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Douglas ( -1 )

Posts: 13,371
Registered: April 2008
Location: Woodstock, GA
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1931 Chrysler CG Imperial Rumble Seat Coupe
Quantity Views Date Posted
1 4602 9/18/2008
Asking Price Shipping Amount Condition
$130,000.00 None Auction Results
Description: Offered For Sale at the:
RM Auction - Vintage Motor Cars at Meadow Brook Hall
August 6, 2005, Auburn Hills, Michigan


RM Auctions
One Classic Car Drive
Blenheim, Ontario
N0P 1A0 Canada
Phone: 519-352-4575
Website: www.rmauctions.com


1931 Chrysler CG Imperial Rumble Seat Coupe
LOT: 080
Estimate: $150,000-$200,000 US
Chassis No. 7801159
AUCTION RESULTS: Lot was Sold at a price of $130,000


125hp 384 cu. in. nine main bearing inline eight-cylinder engine with four speed synchromesh transmission, leaf spring suspension with beam front axle and live rear axle and four wheel hydraulic drum brakes. Wheelbase: 145"


The remarkable styling of the CG series Imperials was the work of LeBaron, one of the greatest design firms of the classic era. Founded by Thomas L. Hibbard and Ray Dietrich, and later joined by Ralph Roberts, the company established itself as innovative, creative, and responsive. Although Hibbard and Dietrich later left the firm to pursue other opportunities, the company flourished at the hand of Ralph Roberts.


Probably the most striking design in existence at the time was Al Leamy’s L29 Cord – so when Leamy was hired to style the Imperial, it is not surprising that the cars would bear some resemblance to it. Like the L29, the CG was long and low, featuring gracefully swept fenders and a vee shaped radiator. Although, LeBaron improved on the design with a longer hood, a swept back grille, and a more elegant bodyside treatment.


All Chryslers had a reputation for performance, and the CG Imperial did not disappoint. With 125hp on tap and a four-speed transmission the cars were very quick. With Chrysler’s “Floating Power” and well-tuned suspension, the cars were also quite refined to drive. Technically, the cars were interesting as well, featuring a new automatic spark advance mechanism and free wheeling, both firsts for Chrysler.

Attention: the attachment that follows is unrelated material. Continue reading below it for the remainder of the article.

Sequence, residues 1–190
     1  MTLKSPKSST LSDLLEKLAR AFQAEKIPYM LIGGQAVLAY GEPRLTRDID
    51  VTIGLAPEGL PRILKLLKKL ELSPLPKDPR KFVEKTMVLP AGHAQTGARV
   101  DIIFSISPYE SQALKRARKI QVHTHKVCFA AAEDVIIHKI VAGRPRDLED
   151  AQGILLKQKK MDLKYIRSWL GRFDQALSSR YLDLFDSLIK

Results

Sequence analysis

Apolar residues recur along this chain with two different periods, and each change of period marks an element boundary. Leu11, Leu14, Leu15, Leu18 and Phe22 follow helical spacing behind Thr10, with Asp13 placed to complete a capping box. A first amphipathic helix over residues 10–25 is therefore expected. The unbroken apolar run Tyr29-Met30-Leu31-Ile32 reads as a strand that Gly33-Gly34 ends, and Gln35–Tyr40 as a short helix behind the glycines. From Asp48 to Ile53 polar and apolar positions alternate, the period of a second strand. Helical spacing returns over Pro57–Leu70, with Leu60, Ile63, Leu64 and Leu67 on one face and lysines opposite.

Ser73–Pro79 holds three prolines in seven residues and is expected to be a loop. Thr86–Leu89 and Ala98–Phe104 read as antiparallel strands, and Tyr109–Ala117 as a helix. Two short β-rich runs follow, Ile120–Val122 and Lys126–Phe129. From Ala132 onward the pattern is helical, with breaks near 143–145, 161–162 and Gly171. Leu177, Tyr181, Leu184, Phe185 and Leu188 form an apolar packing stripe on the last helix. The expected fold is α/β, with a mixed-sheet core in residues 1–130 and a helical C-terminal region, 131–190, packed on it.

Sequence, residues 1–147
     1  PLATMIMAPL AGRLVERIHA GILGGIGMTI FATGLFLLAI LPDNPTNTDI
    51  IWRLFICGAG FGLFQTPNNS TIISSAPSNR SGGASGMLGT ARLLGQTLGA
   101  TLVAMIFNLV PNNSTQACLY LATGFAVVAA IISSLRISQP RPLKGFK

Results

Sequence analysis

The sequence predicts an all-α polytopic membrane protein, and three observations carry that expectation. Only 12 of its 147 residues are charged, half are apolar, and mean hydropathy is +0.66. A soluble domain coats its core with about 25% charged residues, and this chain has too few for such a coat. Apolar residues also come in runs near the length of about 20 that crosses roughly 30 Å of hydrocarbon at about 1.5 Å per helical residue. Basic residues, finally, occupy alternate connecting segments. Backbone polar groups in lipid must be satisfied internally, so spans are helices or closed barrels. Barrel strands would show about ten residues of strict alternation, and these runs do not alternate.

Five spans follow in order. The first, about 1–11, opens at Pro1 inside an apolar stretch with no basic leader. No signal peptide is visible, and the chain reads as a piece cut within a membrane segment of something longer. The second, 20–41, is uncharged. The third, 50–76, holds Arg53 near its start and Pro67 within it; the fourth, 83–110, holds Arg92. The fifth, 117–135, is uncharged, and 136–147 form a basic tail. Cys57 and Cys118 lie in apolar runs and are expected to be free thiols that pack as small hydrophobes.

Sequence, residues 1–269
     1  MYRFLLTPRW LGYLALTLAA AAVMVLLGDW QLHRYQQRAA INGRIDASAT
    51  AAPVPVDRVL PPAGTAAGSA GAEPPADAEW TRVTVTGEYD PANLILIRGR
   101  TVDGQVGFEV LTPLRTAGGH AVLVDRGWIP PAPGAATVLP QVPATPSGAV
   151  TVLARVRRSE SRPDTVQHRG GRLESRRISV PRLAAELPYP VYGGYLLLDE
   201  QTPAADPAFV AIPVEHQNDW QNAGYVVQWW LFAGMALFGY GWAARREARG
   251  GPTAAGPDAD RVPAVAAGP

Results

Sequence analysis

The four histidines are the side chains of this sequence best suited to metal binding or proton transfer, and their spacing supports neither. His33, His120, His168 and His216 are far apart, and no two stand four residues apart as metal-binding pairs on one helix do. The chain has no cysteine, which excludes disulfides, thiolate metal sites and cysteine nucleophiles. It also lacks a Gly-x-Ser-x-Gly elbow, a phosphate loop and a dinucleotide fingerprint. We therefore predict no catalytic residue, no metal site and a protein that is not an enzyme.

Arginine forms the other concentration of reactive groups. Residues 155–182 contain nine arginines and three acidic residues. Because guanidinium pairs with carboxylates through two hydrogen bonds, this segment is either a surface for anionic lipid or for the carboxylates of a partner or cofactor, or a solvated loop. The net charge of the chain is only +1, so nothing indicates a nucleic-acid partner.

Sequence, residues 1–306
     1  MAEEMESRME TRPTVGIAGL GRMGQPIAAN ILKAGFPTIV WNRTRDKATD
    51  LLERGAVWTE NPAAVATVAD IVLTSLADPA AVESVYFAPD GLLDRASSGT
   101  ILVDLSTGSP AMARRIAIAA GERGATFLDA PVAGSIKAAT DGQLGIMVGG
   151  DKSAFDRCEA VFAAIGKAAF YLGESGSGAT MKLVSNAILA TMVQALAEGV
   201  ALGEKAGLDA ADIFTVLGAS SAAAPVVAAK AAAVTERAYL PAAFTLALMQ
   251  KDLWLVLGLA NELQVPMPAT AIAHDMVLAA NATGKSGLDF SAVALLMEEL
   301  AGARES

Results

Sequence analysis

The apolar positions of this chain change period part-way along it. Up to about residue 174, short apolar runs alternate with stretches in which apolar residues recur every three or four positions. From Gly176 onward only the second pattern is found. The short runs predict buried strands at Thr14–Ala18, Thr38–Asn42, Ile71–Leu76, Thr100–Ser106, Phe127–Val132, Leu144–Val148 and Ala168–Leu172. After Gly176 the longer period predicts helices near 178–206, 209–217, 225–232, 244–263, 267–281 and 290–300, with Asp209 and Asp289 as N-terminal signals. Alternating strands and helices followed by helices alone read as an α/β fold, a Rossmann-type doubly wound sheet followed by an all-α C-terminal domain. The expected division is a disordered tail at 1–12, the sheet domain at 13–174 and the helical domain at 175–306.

The Imperial’s powerful new engine, when combined with the lightweight two passenger coachwork – the roadster – created one of the fastest cars money could buy. In 1931 Billy Arnold, a well known racing driver of the period, used a roadster to capture several stock car records at Daytona.


There were a number of customs executed by other coachbuilding firms, LeBaron accounted for the vast majority of bodies on the Imperial Custom Line chassis. While many collectors are familiar with the sport phaetons and roadsters, few are aware that the rarest – and one of the most attractive – styles offered by LeBaron was the rumble seat Coupe.


With its low windshield and compact passenger compartment, the LeBaron Coupe emphasizes the natural good looks of the Imperial Custom Line chassis, with its long hood and graceful, sweeping fenders. The long wheelbase allows for a long, sloping tail that further accentuates the lines of the body.


According to Chrysler records, this lovely CG was delivered new on October 24, 1930. (A copy of the buildsheet is included as part of the car’s provenance.) While the original owner and early history of the car remains unknown, the car was purchased by a Michigan collector in the mid 1960s, who kept the car until the early 1970s before selling it to noted Chrysler collector Paul Stern. Stern kept the car for many years before selling it to a Pennsylvania collector, from whom the vendor purchased the car in the late 1990s.


While the number produced is unknown, only two are known to survive. With the other car currently under restoration, the example offered here is almost certainly the only remaining largely unrestored original car.


This remarkable CG Imperial was in excellent original condition prior to benefiting from a largely cosmetic restoration in about 1970 – following which it was awarded both AACA National First Place and CCCA Senior awards. Originally finished in black, during restoration it was changed to the current combination – a correct original Chrysler color scheme.


Recent upgrades include a new correct Bedford Cord interior as well as new leather to the rumbleseat area. In addition, new tires and exhaust have been fitted, and the carburetor was recently rebuilt. Although CG Imperials were sold fully equipped, options on this car include the attractive radiator stone guard and correct metal sidemount covers.


The quality of the car remains very high today, with the age of the restoration having mellowed into a wonderful patina. The vendor reports that the car is in very good mechanical order; the engine starts easily and runs smoothly, and the car is one of the best driving examples of the marque he has experienced.


With a remarkable 145 inch wheelbase, the CG chassis – Chrysler’s longest ever – provided the room to allow designers to craft bodies with superb proportions. There is little doubt that the CG Imperial Custom Line Coupe is among the finest looking cars of the period, in addition to being one of the best driving cars of the era. With just two surviving examples, the opportunity to acquire one may well be unrepeatable.
Keywords: 1931 Chrysler CG Imperial Rumble Seat Coupe


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